U.S. policy toward Eritrea also is concentrated on U.S. concerns that the country’s activities in the region could destabilize the Horn of Africa. In December 2009, the United States joined a 13-member majority on the UN Security Council in adopting Resolution 1907, sanctioning Eritrea for supporting armed groups in Somalia and failing to withdraw its forces from the Eritrean-Djibouti border following clashes with Djibouti. The sanctions include an arms embargo, travel restrictions, and asset freezes on the Eritrean government’s political and military leaders, as well as other individuals designated by the Security Council’s Committee on Somalia Sanctions.
In April 2010, President Obama announced Executive Order 13536 blocking the property and property interests of several individuals for their financing of al-Shabaab in Somalia, including Yemane Ghebreab, presidential advisor and the former head of political affairs.
In December 2011, the United States voted in favor of UN Security Council Resolution 2023, which calls on UN member states to implement Resolution 1907’s sanctions and ensure that their dealings with Eritrea’s mining industry do not support activities that would destabilize the region.
In 2015, the U.S. government voted in the UN Security Council to retain an arms embargo on Eritrea and to renew for another year the mandate of its Monitoring Group on Somalia and Eritrea.
The U.S. government should press for immediate improvements to end religious freedom violations in Eritrea and raise concerns through bilateral and multilateral initiatives. In addition to recommending that the U.S. government should continue to designate Eritrea a CPC and maintaining the existing, ongoing arms embargo referenced in 22 CFR 126.1(a), USCIRF recommends that the U.S. government should:
• Continue to use bilateral and multilateral diplomatic channels to urge the government of Eritrea to:
> release unconditionally and immediately detainees held on account of their peaceful religious activities, including Orthodox Patriarch Antonios;
> end religious persecution of unregistered religious communities and register such groups; grant full citizenship rights to Jehovah’s Witnesses;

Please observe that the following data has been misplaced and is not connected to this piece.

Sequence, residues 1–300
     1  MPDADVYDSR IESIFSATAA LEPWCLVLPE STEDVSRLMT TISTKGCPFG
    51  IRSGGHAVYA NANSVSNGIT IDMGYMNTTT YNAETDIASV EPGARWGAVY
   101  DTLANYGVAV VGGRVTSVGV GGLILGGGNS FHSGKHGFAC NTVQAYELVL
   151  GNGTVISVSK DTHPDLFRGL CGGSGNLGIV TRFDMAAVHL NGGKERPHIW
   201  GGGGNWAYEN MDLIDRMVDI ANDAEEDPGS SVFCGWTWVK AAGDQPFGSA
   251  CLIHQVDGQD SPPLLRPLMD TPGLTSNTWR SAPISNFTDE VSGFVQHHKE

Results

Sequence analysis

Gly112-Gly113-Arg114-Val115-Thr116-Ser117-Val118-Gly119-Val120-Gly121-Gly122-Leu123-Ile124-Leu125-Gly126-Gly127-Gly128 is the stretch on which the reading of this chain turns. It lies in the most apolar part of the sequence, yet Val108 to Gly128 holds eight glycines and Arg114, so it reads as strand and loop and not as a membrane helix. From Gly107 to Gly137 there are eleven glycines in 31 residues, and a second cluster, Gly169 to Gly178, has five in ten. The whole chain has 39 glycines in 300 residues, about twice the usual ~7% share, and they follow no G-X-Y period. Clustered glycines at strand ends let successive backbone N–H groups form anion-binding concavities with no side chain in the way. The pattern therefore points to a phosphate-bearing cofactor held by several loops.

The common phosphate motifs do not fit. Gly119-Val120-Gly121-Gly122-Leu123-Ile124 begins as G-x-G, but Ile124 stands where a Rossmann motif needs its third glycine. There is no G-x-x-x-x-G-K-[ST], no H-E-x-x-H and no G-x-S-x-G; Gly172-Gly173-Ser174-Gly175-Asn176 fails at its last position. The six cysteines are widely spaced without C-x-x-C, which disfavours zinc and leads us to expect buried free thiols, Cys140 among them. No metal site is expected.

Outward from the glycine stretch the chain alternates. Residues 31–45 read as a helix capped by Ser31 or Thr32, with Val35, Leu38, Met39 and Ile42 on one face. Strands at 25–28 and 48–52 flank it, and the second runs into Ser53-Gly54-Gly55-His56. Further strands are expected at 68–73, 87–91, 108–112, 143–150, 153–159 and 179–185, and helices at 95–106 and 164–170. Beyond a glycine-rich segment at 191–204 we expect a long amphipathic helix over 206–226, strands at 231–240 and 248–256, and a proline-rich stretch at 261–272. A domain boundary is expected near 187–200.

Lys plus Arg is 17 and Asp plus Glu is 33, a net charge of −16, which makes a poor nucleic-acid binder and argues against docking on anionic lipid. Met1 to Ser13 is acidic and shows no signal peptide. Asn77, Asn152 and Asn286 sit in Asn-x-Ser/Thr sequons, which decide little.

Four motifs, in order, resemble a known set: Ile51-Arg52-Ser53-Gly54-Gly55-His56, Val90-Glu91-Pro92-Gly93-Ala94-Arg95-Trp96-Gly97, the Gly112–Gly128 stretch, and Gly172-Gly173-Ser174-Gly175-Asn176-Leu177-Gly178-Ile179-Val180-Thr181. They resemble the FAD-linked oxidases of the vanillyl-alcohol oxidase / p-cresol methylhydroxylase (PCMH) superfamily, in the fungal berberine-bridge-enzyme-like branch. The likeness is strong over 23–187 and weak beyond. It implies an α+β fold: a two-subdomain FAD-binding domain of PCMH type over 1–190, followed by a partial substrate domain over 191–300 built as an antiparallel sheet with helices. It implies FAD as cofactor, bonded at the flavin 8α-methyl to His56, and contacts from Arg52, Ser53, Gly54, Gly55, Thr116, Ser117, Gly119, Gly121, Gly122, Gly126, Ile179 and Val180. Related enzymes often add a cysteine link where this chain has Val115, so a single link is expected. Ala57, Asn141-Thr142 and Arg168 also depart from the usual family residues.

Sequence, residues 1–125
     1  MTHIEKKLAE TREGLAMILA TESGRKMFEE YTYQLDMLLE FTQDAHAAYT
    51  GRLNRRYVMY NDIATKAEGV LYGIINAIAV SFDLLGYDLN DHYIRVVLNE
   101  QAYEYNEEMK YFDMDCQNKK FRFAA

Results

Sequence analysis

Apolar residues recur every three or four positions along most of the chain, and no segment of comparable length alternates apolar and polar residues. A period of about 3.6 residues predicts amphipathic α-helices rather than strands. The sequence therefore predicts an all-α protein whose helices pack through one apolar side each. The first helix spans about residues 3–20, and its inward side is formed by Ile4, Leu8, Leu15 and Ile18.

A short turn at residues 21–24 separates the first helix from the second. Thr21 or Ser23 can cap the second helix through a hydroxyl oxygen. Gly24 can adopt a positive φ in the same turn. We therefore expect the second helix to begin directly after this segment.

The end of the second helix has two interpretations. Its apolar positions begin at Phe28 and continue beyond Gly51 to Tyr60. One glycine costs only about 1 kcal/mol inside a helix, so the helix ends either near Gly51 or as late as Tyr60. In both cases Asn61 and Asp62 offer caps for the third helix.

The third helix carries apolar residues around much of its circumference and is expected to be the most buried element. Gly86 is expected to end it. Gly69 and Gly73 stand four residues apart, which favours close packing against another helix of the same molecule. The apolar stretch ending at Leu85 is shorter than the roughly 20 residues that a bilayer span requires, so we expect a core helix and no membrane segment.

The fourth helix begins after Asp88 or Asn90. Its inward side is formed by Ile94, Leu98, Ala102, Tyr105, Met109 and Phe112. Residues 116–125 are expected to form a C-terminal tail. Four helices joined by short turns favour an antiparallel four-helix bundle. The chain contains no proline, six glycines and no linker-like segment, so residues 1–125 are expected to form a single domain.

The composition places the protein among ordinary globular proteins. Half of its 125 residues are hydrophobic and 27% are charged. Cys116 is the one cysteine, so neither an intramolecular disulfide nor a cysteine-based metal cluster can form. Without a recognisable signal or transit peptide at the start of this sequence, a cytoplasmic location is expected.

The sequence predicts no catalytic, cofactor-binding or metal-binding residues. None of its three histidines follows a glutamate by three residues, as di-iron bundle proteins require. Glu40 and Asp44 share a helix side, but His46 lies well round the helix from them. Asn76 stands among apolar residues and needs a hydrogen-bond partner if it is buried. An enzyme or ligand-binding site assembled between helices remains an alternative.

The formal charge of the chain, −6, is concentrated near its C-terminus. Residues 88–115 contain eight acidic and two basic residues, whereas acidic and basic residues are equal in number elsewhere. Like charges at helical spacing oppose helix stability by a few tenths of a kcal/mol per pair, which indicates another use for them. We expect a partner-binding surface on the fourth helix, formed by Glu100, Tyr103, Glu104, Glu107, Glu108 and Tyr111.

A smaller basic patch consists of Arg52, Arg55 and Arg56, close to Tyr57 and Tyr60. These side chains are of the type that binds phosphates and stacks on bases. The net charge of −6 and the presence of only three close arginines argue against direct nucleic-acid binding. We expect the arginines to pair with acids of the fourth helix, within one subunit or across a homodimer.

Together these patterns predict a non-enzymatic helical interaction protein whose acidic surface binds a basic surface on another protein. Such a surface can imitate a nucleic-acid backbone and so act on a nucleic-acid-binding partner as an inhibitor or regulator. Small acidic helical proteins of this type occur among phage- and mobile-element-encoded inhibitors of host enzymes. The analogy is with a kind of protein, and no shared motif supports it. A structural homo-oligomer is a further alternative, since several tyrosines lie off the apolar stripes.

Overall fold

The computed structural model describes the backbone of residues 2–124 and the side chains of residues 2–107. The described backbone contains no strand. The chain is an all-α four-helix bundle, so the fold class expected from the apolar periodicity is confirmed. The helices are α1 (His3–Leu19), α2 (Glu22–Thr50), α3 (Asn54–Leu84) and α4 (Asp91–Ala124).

> provide for conscientious objection by law in compliance with international human rights standards; implement the Constitution of 1997;
> bring national laws and regulations, including registration requirements for religious communities, into compliance with international human rights standards;
> bring the conditions and treatment of prisoners in line with international standards;
> and extend an official invitation for unrestricted visits by the UN Commission of Inquiry on Human Rights in Eritrea, the UN Special Rapporteur on human rights in Eritrea, the UN Special Rapporteur on Freedom of Religion or Belief, the UN Working Group on Arbitrary Detention, and the International Red Cross;
• Ensure, if development assistance is to be resumed, that it is directed to programs that contribute directly to democracy, human rights, and the rule of law;
• Intensify international efforts to resolve the current impasse between Eritrea and Ethiopia regarding implementation of the boundary demarcation as determined by the “final and binding” decision of the Eritrea-Ethiopia Boundary Commission that was established following the 1998-2000 war;
• Encourage unofficial dialogue with Eritrean authorities on religious freedom issues by promoting a visit by U.S. and international religious leaders, and expand the use of educational and cultural exchanges, such as the Fulbright Program, the International Visitor Program, and lectures by visiting American scholars and experts; and
• Work with other nations, especially those with mining interests in Eritrea and large Eritrean diaspora communities, to draw attention to religious freedom abuses in Eritrea and advocate for the unconditional and immediate release of detainees held on account of their peaceful religious activities, including Orthodox Patriarch Antonios.